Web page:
"Yet most empirical studies of the relationship between unionization and important safety outcomes, such as injuries and fatalities, have failed to find any statistically significant evidence of a 'union safety effect,'" the report said.
And in fact, the results of the research Morantz did are also somewhat mixed.
The report outlines a "very sizeable, robust and statistically significant" increase in non-traumatic injuries, defined as those caused not by a specific incident, but by cumulative or repetitive problems.
The results for total injuries are similar, but are more muted, the report says. Unionization is related to 25 percent fewer total injuries compared to non-union mines in the mid-1990s, but that disparity decreases in later years, the report says.
Morantz attributes those numbers in large part to more accurate and complete reporting of injuries at unionized mines.
The report found that traumatic injuries, those involving specific incidents, showed a "highly significant" decline at union mines compared to non-union operations. The difference is even larger -- at least 45 percent -- if fatalities alone are examined, the report said.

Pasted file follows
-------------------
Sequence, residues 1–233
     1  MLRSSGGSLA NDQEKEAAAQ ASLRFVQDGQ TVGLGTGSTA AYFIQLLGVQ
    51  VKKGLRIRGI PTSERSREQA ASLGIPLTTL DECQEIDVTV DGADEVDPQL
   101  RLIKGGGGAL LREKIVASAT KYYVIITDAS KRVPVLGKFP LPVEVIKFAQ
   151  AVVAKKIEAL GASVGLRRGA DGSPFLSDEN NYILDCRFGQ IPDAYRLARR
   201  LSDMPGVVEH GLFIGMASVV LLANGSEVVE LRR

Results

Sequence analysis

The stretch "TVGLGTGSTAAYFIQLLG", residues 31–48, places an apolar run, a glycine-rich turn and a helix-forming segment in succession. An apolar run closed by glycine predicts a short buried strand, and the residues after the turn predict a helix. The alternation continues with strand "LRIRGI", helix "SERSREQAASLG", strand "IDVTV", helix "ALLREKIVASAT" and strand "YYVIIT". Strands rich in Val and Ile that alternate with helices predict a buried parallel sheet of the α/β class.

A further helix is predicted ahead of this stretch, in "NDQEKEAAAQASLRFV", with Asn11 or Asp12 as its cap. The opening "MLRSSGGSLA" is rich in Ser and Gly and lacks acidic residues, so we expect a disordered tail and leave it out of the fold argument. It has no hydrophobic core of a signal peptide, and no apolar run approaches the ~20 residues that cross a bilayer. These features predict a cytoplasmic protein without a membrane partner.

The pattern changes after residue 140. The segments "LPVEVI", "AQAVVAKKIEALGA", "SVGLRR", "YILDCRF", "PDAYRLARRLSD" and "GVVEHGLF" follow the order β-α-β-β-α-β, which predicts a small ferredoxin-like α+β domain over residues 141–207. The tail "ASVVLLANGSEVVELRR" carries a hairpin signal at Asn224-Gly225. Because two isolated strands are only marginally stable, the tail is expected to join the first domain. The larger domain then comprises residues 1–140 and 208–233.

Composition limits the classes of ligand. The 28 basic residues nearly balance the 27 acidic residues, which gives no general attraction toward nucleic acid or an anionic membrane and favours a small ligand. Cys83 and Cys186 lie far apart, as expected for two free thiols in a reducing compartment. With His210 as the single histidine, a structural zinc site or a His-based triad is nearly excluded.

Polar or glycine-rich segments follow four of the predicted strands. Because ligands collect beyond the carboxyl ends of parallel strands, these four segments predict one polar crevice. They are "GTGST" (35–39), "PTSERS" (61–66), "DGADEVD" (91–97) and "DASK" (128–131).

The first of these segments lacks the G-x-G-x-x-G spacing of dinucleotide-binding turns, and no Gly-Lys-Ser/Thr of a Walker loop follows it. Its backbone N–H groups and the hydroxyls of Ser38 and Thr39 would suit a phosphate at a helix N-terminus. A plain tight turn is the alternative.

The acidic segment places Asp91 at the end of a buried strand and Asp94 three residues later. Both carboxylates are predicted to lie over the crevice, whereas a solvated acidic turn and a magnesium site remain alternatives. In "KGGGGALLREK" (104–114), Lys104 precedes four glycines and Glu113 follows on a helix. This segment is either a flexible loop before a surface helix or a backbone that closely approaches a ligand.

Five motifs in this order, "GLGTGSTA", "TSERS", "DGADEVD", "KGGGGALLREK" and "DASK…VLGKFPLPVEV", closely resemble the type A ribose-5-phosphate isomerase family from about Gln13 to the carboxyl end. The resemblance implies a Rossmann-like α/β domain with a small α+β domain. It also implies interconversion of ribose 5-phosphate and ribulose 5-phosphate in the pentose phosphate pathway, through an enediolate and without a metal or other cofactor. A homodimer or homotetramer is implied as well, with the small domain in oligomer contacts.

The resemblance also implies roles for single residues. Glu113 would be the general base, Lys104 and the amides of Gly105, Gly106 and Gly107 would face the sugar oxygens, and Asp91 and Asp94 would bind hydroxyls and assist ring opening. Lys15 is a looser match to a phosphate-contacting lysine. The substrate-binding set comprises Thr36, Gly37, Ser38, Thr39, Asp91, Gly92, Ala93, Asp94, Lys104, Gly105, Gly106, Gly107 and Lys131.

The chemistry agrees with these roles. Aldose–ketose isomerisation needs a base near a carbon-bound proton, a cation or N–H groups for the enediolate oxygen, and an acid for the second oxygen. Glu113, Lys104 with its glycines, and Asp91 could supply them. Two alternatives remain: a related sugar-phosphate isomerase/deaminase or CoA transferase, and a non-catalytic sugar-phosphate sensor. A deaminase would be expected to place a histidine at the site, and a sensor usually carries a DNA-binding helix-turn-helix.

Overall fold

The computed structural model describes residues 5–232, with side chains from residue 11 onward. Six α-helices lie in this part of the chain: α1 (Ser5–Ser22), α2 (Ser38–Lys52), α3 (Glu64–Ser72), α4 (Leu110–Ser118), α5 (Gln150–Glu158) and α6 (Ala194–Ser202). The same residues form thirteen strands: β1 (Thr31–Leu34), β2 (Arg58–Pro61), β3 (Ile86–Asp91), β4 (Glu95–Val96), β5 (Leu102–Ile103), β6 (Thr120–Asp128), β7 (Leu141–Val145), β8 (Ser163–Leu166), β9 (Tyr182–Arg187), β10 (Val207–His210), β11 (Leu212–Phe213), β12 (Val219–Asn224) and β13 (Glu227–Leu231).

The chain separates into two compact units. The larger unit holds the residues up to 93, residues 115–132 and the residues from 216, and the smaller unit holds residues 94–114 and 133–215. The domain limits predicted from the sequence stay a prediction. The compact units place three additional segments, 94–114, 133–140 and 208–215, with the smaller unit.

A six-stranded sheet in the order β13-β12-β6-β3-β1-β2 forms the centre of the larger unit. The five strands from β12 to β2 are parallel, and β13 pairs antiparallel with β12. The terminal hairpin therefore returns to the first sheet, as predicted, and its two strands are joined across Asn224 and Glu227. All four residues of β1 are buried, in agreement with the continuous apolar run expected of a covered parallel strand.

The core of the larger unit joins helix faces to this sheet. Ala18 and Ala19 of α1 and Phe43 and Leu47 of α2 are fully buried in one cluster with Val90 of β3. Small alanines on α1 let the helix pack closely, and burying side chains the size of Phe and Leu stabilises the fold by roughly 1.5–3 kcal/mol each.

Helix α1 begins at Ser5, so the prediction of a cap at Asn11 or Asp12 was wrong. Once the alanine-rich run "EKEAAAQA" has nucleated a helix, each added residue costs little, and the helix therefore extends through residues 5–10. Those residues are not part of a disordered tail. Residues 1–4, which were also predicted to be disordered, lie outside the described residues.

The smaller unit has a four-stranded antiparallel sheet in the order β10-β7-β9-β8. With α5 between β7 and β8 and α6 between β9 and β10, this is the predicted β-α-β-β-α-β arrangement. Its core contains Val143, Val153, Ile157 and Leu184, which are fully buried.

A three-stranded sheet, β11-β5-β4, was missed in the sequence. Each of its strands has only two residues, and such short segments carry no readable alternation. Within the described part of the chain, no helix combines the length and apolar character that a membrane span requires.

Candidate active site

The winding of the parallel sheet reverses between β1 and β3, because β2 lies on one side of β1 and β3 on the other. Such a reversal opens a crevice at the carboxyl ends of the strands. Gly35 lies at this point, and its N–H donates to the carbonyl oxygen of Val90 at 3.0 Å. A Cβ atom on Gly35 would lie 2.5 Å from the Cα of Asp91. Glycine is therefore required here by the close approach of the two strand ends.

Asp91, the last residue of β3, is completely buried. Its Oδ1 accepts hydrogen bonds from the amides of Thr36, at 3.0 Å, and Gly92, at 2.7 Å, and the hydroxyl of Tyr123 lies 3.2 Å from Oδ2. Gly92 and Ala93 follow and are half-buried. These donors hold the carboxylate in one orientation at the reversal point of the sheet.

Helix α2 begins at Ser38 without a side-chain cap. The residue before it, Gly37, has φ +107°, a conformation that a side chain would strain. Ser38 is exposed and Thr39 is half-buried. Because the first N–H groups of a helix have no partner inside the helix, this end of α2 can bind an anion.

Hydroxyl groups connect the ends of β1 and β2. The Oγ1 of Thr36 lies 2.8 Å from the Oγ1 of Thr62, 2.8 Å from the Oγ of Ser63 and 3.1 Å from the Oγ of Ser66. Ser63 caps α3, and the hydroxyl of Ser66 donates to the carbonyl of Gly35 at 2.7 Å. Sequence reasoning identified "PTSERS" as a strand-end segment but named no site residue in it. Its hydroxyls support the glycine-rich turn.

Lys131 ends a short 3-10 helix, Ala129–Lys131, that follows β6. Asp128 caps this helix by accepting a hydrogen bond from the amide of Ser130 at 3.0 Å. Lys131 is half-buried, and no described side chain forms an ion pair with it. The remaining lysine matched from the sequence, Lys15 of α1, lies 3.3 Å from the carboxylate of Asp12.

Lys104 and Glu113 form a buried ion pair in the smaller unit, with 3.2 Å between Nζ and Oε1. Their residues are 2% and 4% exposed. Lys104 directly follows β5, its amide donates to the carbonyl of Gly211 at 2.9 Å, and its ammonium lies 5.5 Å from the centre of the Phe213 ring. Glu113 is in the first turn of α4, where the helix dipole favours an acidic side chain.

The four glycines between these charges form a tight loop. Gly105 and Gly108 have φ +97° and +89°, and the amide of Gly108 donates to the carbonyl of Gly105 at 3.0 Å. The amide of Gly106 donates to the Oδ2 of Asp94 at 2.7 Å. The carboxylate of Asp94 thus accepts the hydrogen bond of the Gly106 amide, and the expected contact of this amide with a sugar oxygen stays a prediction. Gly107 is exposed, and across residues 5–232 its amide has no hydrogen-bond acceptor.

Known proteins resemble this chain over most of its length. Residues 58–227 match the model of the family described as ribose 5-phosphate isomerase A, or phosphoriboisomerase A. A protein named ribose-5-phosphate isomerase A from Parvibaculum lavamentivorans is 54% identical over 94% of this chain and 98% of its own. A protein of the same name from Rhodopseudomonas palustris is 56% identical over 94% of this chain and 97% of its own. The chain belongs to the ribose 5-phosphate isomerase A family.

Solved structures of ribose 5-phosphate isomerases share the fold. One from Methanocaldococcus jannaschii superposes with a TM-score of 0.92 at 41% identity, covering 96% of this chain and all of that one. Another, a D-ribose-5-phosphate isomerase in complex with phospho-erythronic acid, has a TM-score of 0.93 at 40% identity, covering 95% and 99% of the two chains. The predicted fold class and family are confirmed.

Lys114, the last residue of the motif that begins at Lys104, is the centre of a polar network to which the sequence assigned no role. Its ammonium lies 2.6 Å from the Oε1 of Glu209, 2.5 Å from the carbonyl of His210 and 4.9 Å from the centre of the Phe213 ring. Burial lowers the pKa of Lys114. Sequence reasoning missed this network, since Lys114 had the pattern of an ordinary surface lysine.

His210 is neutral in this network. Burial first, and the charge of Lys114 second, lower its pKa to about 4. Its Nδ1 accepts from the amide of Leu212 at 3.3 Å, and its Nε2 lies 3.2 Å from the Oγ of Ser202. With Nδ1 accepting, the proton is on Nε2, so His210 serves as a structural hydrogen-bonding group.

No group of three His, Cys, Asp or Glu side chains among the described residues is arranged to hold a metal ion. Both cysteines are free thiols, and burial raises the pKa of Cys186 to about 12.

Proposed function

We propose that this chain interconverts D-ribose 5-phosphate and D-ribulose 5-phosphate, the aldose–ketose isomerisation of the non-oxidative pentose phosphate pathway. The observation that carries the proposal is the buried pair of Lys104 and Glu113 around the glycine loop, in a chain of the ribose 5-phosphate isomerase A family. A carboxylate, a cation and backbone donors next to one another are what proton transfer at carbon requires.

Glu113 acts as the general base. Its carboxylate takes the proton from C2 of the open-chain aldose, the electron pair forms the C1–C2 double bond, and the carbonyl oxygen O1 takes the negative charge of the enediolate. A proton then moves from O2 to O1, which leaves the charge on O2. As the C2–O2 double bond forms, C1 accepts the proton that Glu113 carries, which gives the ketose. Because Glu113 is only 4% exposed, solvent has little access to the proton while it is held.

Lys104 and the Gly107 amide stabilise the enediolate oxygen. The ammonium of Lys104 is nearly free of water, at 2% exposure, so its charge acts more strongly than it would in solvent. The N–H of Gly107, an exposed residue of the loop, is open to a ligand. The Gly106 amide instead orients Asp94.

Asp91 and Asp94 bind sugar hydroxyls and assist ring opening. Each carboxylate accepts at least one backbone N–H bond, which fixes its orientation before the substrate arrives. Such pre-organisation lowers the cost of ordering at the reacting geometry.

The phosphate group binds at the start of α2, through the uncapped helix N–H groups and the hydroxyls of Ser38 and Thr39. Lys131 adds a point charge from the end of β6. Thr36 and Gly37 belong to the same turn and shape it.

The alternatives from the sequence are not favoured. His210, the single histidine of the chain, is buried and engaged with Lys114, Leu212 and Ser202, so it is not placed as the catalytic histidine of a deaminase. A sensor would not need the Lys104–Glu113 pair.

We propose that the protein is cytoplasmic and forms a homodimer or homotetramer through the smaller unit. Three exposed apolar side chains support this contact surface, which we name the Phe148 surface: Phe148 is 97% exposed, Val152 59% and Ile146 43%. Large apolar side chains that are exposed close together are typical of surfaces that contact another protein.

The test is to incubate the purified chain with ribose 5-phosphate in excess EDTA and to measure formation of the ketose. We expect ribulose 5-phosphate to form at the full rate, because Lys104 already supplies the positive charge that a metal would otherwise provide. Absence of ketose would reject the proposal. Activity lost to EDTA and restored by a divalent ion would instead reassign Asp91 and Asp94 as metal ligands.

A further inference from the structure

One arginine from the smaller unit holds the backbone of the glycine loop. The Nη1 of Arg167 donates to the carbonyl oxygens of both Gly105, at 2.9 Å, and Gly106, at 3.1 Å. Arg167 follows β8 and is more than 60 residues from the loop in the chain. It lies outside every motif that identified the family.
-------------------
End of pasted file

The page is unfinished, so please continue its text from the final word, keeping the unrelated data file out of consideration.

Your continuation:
"There have been tragedies at mines where the UMWA represents the workers, most recently nearly 10 years ago at the Jim Walters No. 5 Mine in Brookwood, Ala.," Roberts said. "We in the UMWA learned hard lessons in that tragedy and others that preceded it. We took steps to provide a better protection for our members, and this study demonstrates that those steps are working. We will continue to work as hard as we can to keep the miners where UMWA members work the safest in the world."
Reach Ken Ward Jr. at kw...@wvgazette.com or 304-348-1702.